The CoDeSys single tasking runtime system is implemented in ANSI-C and has already been used under various processors and operating systems (pSOS+, OS9, ...). It is also possible to run it without operating system, just with a boot loader. The interface to the surrounding (operating) system are very small. The runtime system is designed to be system-independent and guarantees fast adaptation of the CoDeSys programming system to any given PLC/IPC environment. The runtime system implements the complete functionality of a PLC cycle and enables communication with the programming system and also all debugging functions that the CoDeSys programming system supports.

3.1

Supported Services

The following services are recognised and processed by the runtime system: LOGIN (login) LOGOUT (logout) START (start controller) STOP (stop controller) RESET (reset application program warm/cold/hard) DEFINE_VARLIST (load list of variables for reading) READ_VAR (read variables) DELETE_VARLIST (delete list of variables) WRITE_VAR (write variables) FORCE_VARIABLES (write variables before and after each cycle) RELEASE_VARIABLES (delete force list) STEP_IN (stepping, step into called functions) STEP_OVER (stepping, step over called functions) BP_SET (set breakpoint) BP_DEL (delete breakpoint) BP_DEL_ALL (delete all breakpoints) READ_BP_LIST (read list of all breakpoints) READ_STATUS (read status of the controller (RUN, STOP, ..) and current processing position) READ_IDENTITY (read identity number of the application program) CALLSTACK (read call stack) CYCLE (execute one controller cycle and then stop) DEFINE_FLOW_CONTROL (the lines executed of a defined block are recorded) READ_FLOW_CONTROL (output buffer with the lines last executed)
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STOP_FLOW_CONTROL (stop recording) DEFINE_TRACE (store a sampling trace description) START_TRACE (start trace recording) READ_TRACE (read out sampling trace buffer) STOP_TRACE (stop trace recording)
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CoDeSys SP 32 Bit Embedded

READ_VAR_DIRECT (stateless monitoring service for reading variable values) WRITE_VAR_DIRECT (stateless monitoring service for writing variable values)

3.2

Functions of the runtime system

The individual functions of the runtime system can be assembled into 4 groups: 1. Communication: For all functions it is necessary that the development system can exchange data with the runtime system. This communication is enabled by the runtime system via various media 1 (RS232, Ethernet, CAN ). 2. Cyclic call of the PLC program: After the program has been compiled it is transferred to the controller and must then be called cyclically. Both the transfer and the call are undertaken by the runtime system. 3. Debugging: Setting and deleting of program interrupts (breakpoints), stepwise execution of a program (stepping), display of the call stack, process control (flow control), exception handling. 4. Servicing of the I/Os: Read in of the I/O data, either directly from the modules or via a driver of various field buses (e.g. CAN, Profibus, Sercos, Interbus-S). The output of I/O data takes place in the same manner. The common data interface between program and I/Os is the process map (see Figure 1). These functions must be made available by the runtime system. To guarantee this, the points cited above must be adapted to the controller hardware in question and the operating system that is being used. The necessary adaptations are described in Chapter 4. In the next section there follows a listing and description of the individual modules in the runtime system by key words; also the assignment to the individual function groups.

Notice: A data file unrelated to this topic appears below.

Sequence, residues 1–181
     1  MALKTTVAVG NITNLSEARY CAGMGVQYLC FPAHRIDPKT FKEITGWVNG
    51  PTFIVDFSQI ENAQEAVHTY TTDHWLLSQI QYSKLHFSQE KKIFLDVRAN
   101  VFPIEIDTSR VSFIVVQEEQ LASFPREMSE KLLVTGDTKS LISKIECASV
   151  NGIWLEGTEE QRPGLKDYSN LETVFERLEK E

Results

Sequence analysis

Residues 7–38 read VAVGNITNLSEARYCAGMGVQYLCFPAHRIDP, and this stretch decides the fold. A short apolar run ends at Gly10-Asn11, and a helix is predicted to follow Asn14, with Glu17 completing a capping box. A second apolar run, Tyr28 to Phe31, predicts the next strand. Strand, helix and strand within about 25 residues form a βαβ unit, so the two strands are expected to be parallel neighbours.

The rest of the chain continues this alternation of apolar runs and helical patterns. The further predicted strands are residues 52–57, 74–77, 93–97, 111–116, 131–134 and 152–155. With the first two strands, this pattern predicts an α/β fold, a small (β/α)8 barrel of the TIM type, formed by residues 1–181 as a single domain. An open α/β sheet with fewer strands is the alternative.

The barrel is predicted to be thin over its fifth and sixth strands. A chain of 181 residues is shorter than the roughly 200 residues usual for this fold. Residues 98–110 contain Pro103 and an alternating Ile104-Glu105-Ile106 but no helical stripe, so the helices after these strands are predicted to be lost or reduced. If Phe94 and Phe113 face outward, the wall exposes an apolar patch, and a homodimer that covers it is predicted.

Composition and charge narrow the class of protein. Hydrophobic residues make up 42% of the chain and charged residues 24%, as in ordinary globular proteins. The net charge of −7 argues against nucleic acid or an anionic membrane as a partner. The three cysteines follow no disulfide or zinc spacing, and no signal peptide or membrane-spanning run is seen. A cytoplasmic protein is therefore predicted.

3.3

Modules of the runtime system system architecture


Name mainxxx.c commxxx.c codelzs.c codeman.c convert plc_com.c server.c ocdebug.c trace.c rtscopyna.c rtsevent.c real_libxxx.c rtscfg.c Contents adaptations communication driver main loop code management string and float conversion communication processing of services debugging trace packing/de-packing of messages Implements the SysLibCallback.lib Floating point arithmetic functions I/O config parser OS specific libraries Task download Scope specific specific core core core core core core core core optional core core specific specific

The CoDeSys 32 bit embedded runtime consists of the following code modules:

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syslibxxx.c Interuptxxx.c

Communication via a shared memory.


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rtsbrows.c serverex.c

PLC browser Extended debug services

optional optional

Files of scope core must be included in the project. Files of scope specific must be adapted to the operating system and hardware environment. Files of scope optional may be included to support additional features. If you receive a new version of the runtime system from 3S, just take the core files and keep your specific files. Block archticture of the CSP32E runtime system:

The following combinations of the specific files mainxxx.x and commxxx.x exist:
Processor OS Defines to set Specific Files

Motorola 68k Motorola PPC Intel x68 Hitachi SH MIPS ARM ARM Philips LPC2294 Hitachi SH Intel 186
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OS9 OS9 Win32 WindowsCE WindowsCE WindowsCE Keil Compiler Hitachi Workbench specific specific specific